Robby Grubbs knows one essential reason why his San Antonio-based coffee company has kept expanding — from one cafe, to three, to nine in less than 10 years.
“I don’t sit still very good,” said Grubbs, who with his wife, Neesha Grubbs, opened the first cafe of Local Coffee in 2009. “By not growing it just feels stagnant. The growth in some people’s perception seems rather fast … (but) it still feels pretty organic.”
With business partner and CFO Bill Ellis, Grubbs has launched six cafes in San Antonio under the Local Coffee name. In December, the company’s first Austin location officially opened at 222 West Ave. in the Seaholm District downtown under the name Merit Coffee.
Grubbs told Daily Coffee News that the company is immediately planning at least two more Austin cafes while rebranding all its San Antonio shops as Merit Coffee, which reflects the name of Grubbs’ and Ellis’ roasting company, Merit Roasting Co.
“I was living in Austin when I conceived the idea of Local and Merit,” Grubbs said. “I’m from San Antonio, so it’s full circle for us. We’re super excited.”
Grubbs has claimed that he chose the name Local Coffee in 2008 before “local” was an industry buzzword, despite the fact that “locavore” was an Oxford American Dictionary word of the year in 2007. The name change has seen a few detractors, and some loyal San Antonio fans were sad to lose the “prestigious” name, citing “SA pride.” Still, Merit Coffee will certainly be more search-friendly as the retail footprint expands.
“Austin made sense with the demographic,” Grubbs said of the latest expansion, which took direction from existing cafe successes. “One of our favorite locations is in the old Pearl Brewery. It’s a really successful store for us; it has a ton of daytime traffic. It’s a progressive demographic with a farmers’ market on the weekends.
“It had such great energy that we thought… instead of trying to blanket a city, let’s just look for three or four locations that are most similar to our Pearl location.”
When Local opened, Grubbs sourced roasted coffee exclusively from Cuvee Coffee before eventually becoming one of San Antonio’s first multiroaster shops, serving coffees from the likes of Counter Culture — whom Local still features as a guest roaster — and Intelligentsia.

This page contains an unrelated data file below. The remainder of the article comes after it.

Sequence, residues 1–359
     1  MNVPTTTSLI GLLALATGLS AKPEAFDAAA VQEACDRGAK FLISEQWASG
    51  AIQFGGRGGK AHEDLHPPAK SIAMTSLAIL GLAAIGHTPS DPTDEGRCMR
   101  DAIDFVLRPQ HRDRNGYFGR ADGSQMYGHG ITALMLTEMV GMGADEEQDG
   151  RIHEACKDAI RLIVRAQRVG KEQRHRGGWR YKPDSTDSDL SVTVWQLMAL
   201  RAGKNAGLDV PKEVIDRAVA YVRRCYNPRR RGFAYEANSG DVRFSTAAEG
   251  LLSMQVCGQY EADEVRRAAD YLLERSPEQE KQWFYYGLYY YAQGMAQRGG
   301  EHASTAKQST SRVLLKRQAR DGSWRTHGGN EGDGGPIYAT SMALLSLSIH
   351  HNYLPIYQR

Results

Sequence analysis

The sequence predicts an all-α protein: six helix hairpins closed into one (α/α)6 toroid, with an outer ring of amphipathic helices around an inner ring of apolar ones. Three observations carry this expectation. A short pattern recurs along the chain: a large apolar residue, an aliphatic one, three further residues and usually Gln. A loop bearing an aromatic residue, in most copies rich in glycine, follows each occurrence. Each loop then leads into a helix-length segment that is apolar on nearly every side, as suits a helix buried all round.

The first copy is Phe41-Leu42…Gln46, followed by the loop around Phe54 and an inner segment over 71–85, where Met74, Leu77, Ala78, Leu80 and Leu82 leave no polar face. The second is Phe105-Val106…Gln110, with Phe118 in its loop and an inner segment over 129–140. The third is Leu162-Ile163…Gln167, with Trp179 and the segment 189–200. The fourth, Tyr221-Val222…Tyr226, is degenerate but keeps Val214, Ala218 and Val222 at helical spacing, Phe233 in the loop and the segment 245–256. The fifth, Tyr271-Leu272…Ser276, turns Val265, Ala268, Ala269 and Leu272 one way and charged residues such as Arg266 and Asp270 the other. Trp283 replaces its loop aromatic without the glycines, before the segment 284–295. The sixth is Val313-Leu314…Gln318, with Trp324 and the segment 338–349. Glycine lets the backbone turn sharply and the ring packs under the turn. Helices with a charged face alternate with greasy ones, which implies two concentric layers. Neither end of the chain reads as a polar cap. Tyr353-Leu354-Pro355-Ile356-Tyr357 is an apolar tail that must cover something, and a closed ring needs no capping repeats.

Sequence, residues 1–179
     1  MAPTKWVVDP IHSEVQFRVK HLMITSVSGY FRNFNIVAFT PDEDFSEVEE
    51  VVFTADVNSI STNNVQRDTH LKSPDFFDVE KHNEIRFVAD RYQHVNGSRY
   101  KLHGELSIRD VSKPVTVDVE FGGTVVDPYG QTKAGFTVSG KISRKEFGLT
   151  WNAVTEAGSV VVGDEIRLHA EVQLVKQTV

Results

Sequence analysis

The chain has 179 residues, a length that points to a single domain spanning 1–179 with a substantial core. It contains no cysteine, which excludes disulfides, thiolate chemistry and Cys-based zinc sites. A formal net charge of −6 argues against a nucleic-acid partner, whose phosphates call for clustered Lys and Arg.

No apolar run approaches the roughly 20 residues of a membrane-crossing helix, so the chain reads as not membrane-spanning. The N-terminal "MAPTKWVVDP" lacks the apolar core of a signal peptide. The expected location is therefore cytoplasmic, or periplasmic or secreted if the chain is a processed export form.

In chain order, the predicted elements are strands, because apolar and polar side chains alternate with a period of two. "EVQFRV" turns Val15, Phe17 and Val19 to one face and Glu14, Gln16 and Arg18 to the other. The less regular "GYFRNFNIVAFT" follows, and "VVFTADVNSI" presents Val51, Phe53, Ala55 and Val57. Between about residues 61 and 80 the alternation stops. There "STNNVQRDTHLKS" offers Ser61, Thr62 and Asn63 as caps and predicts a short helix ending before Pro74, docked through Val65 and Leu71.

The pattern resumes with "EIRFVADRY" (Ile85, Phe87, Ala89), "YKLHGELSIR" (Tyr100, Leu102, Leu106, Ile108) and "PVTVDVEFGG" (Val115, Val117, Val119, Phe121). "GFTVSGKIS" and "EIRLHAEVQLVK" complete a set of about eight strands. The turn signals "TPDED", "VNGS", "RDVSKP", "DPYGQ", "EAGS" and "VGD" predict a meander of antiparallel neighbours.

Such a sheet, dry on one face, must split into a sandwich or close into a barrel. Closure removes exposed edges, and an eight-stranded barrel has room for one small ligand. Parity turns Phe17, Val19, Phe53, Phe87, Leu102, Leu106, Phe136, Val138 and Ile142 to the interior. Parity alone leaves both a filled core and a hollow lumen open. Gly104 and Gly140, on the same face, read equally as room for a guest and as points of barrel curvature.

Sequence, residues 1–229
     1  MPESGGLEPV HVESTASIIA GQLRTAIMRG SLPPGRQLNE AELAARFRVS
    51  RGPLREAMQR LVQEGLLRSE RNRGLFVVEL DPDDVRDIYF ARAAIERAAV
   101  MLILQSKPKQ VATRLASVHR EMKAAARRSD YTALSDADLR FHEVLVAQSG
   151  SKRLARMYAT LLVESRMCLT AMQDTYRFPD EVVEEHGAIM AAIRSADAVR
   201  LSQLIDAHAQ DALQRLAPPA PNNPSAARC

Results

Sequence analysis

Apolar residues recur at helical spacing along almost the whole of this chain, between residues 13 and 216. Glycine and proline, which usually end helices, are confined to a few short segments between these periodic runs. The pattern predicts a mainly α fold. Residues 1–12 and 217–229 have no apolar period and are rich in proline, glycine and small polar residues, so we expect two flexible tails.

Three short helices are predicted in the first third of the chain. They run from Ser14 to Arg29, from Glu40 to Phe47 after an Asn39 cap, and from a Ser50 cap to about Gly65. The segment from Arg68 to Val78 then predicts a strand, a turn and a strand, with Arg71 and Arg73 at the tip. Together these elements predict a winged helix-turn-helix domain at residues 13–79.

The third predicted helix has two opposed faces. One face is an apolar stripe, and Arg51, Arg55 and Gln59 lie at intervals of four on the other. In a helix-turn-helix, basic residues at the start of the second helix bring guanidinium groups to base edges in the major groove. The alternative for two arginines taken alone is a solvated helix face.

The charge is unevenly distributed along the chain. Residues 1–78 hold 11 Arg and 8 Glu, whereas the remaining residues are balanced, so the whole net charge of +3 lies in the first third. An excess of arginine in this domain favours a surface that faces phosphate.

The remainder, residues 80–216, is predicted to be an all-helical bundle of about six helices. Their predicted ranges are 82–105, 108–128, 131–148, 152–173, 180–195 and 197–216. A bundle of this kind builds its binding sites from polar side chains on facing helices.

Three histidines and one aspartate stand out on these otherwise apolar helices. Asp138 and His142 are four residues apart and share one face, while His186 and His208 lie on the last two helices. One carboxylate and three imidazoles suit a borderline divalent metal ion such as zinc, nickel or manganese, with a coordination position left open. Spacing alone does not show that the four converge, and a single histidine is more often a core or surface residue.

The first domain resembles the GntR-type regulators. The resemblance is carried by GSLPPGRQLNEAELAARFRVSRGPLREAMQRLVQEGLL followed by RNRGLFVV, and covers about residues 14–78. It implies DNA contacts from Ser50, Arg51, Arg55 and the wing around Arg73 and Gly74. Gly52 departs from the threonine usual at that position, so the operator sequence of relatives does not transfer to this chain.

“We got a lot of pushback on that,” Grubbs said. “Roasters were like, ‘No way, it’s us or that’s it.’ My argument was, ‘Hey, we’re way down in south Texas, you can’t offer us any support.’”
In 2015, Grubbs’ team launched Merit Roasting with consulting help from coffee writer and consultant Scott Rao, among others. They began roasting with a Probat P12, then a second generation Probat 25. By mid-2018, a larger, reconditioned Probat is set to arrive from Germany.
Jamie Isetts, a former trader with InterAmerican Coffee, serves as Merit’s director of green coffee. Her current lineup includes a Karumandi and Giakanja from Kenya, as well as a seasonal “Sugarplum” blend of Ethiopia and Guatemala.
Grubbs said Merit frequently works with Enrique Lopez of Finca Chelin in Mexico. Before the holidays, Isetts released a video introduction of Merit’s holiday collection of “Morgan Geishas,” featuring carbonic maceration of the famed coffee variety.
In the cafes themselves, Local’s coffee program has evolved as the number of shops have grown. In 2010, Grubbs was still into Bodum and Lux French press for batch brew. Later a co-founder of the former Handsome Coffee Roasters in Los Angeles convinced Grubbs of the quality of Fetco brewers with “a well thought out batch plan.”
Even now, cafes that opened earlier in Stone Oak and Alamo Heights have different equipment than the new cafes, which use Modbar units for all pourovers and espresso. The Austin cafes will use Modbar systems, as well.
“Originally I was drawn to Modbar for the aesthetics — it’s beautiful,” Grubbs said. “It also allows a different interaction with our guests. The bar is wide open, so you don’t have this drain tray behind an espresso machine that looks like a bomb went off.”
For Grubbs, Merit’s expansion is part of a sometimes challenging evolution that began when he opened that first cafe. He said Mike McKim, founder of Cuvee Coffee, helped him learn how to engage with customers who wanted a 20-ounce cappuccino or a “strong coffee.”
“I was so scared of those questions,” Grubbs said. “In the city of San Antonio nobody had heard of specialty coffee, it was a completely second-wave city. Mike is the one who said ‘Educate, don’t intimidate.’ It’s something that stuck with me.
“We’ve been able to do it with 100 employees and seven locations,” Grubbs added. “We’ve been able to educate our consumer, our guest, in a way that is non-confrontational. We were giving something to people they didn’t know they wanted.”
Lindsay Christians (@LindsayC608) is a full-time food and arts journalist for The Capital Times in Madison, Wisconsin. She is the host of a weekly food podcast called The Corner Table.